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DANGEROUS AND LONG-TERM OFFENDERS - Dangerous offender designation

Tuesday, March 26, 2019 @ 8:50 AM  

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Appeal by Roper, an Indigenous person, from a finding that he was a dangerous offender and from the imposition of an indeterminate sentence. The appellant had been convicted of forcible confinement, intentionally discharging a firearm, possession of a prohibited weapon, and aggravated assault. He had an extensive criminal record, including previous convictions for assaults against former domestic partners. He had longstanding substance abuse issues and antisocial and psychopathic personality traits. He was considered a high risk to violently re-offend. After several days of evidence had been heard in the dangerous offender hearing, the judge became unable to continue and another judge took over. The replacement judge ruled it was permissible for him to consider the transcripts of the evidence heard by the original judge. He gave the appellant the right to demand that witnesses be recalled. In accordance with the practice in British Columbia at the time, the judge postponed consideration of the appellant’s treatability until the disposition stage of the proceedings, after he had determined the appellant was a dangerous offender.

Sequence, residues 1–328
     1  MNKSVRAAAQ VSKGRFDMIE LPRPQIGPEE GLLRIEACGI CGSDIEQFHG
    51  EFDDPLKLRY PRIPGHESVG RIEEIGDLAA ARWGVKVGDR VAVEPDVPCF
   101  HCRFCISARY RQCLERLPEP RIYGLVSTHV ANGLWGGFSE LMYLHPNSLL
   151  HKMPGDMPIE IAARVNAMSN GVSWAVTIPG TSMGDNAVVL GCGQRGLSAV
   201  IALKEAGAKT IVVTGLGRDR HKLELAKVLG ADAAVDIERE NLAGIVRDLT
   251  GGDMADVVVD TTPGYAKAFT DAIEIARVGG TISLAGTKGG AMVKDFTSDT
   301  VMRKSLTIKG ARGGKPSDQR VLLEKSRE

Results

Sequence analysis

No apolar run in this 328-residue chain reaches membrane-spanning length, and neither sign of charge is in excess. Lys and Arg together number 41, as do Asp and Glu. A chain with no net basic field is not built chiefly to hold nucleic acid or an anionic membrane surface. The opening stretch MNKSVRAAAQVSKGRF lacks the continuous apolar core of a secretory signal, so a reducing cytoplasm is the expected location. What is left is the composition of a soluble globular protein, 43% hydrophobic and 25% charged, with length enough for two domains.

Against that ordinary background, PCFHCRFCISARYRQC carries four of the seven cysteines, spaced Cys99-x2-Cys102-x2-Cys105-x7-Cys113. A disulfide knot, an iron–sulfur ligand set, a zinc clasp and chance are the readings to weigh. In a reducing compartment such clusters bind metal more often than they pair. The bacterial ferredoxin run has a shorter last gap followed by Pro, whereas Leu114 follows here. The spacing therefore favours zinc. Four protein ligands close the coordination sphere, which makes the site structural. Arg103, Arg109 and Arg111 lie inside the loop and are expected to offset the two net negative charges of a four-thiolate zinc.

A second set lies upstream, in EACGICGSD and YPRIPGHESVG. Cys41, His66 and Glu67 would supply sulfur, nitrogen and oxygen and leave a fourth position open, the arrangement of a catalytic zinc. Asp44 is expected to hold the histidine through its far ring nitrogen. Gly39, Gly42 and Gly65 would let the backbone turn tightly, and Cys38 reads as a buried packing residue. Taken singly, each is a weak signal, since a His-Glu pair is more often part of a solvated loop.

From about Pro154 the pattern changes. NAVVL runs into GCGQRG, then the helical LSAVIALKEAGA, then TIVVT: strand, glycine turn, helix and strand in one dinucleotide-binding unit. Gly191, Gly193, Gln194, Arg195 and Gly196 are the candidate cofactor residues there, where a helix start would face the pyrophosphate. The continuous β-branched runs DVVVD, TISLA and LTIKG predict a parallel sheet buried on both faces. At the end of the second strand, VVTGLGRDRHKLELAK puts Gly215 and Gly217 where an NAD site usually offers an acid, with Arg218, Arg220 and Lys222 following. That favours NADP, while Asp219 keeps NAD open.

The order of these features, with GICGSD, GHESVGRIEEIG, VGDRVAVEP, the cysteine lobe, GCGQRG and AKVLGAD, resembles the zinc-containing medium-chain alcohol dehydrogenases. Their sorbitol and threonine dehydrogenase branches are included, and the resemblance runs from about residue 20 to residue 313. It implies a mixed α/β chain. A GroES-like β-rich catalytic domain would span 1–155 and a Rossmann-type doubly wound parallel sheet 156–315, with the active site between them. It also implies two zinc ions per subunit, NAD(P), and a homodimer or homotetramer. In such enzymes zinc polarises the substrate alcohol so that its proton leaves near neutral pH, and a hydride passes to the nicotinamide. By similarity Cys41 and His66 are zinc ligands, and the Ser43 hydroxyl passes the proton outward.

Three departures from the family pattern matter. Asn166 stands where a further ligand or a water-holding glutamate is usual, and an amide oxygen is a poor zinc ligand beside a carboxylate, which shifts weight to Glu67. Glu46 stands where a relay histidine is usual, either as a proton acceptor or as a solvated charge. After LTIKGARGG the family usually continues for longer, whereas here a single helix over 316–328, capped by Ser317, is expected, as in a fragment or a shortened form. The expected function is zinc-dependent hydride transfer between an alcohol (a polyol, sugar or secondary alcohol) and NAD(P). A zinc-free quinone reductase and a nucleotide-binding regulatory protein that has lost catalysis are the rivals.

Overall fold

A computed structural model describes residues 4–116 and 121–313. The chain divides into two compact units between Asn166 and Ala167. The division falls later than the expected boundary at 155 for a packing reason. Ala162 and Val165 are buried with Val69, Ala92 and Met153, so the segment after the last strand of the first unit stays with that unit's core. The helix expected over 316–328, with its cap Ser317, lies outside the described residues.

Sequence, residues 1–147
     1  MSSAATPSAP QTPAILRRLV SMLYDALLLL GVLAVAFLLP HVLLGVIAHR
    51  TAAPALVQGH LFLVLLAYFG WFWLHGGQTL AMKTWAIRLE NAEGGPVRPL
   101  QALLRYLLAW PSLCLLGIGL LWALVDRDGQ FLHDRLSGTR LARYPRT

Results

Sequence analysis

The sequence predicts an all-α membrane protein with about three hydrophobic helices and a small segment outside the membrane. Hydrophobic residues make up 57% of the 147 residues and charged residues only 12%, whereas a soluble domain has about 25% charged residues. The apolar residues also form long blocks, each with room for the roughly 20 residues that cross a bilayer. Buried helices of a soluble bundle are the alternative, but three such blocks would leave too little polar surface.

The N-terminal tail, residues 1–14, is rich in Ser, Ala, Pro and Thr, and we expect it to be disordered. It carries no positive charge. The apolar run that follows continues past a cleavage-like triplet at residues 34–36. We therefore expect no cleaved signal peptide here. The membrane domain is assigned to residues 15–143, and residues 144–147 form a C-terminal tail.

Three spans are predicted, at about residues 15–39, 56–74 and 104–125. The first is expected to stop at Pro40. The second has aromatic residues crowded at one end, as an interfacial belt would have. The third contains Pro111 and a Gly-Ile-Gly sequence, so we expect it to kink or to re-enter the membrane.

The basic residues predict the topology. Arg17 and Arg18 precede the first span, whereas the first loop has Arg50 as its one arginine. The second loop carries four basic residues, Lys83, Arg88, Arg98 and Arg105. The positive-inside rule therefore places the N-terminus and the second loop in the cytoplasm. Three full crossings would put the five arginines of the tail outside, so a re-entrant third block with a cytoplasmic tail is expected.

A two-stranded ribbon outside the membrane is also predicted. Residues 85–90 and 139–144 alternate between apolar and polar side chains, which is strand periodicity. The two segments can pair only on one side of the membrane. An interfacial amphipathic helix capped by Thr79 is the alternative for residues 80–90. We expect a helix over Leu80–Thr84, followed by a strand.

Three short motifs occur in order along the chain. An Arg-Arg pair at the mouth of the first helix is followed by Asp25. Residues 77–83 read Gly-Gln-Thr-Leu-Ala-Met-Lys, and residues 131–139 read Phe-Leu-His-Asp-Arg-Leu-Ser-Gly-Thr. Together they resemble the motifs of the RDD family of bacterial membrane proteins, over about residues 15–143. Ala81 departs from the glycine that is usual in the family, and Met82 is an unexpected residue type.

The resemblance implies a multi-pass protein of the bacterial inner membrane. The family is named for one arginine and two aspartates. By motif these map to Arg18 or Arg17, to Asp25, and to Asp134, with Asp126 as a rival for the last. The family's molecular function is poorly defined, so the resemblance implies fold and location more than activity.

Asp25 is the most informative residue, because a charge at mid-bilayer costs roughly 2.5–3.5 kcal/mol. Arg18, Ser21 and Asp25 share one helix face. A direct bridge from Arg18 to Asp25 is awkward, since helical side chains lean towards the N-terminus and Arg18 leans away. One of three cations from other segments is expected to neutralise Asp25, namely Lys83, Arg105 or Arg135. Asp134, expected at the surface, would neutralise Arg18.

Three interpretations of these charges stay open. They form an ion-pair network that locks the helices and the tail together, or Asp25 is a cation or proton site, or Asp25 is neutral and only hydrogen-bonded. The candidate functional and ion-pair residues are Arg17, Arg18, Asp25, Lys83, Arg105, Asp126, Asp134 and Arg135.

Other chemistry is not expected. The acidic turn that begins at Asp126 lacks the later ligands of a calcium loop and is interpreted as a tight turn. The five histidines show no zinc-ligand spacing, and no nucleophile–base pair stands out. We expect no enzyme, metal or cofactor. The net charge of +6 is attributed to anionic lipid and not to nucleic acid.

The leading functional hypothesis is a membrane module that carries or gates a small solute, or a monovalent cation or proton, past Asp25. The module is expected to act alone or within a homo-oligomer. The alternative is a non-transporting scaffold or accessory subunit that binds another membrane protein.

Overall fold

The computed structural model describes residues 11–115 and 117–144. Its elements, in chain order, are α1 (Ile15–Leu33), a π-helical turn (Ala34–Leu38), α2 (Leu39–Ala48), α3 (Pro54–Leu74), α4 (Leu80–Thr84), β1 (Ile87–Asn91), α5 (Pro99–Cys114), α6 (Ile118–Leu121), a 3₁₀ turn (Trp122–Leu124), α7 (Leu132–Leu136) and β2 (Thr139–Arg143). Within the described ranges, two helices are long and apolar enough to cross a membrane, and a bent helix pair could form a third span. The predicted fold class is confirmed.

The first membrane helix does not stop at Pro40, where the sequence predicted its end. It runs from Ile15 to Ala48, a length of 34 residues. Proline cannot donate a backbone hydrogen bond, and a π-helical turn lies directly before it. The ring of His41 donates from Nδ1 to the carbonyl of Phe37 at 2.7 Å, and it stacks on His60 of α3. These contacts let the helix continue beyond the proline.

HELD: Appeal dismissed. The replacement judge was not required to recommence the dangerous offender hearing as if no evidence had been heard. He had jurisdiction to make the procedural directions he made, within his discretion under s. 669.2(2) of the Criminal Code. The directions he gave were appropriate and served to completely protect the appellant’s interests. The failure to consider the appellant’s treatability at the designation stage of analysis did not constitute a reversible error as it did not result in any substantial wrong or miscarriage of justice. It was clear that if the judge had had the benefit of the Supreme Court of Canada’s decision in R. v. Boutilier and had not treated the two stages of the inquiry as entirely distinct, he would have reached the same conclusion. The judge did not place undue weight on the psychiatric evidence. It was apparent the judge fully understood the nature of the various dispositions available to him under the dangerous offender procedure. Sentence: Indeterminate imprisonment.

R. v. Roper, [2019] B.C.J. No. 270, British Columbia Court of Appeal, H. Groberman, L.A. Fenlon and G.J. Fitch JJ.A., February 26, 2019. Digest No. TLD-March252019003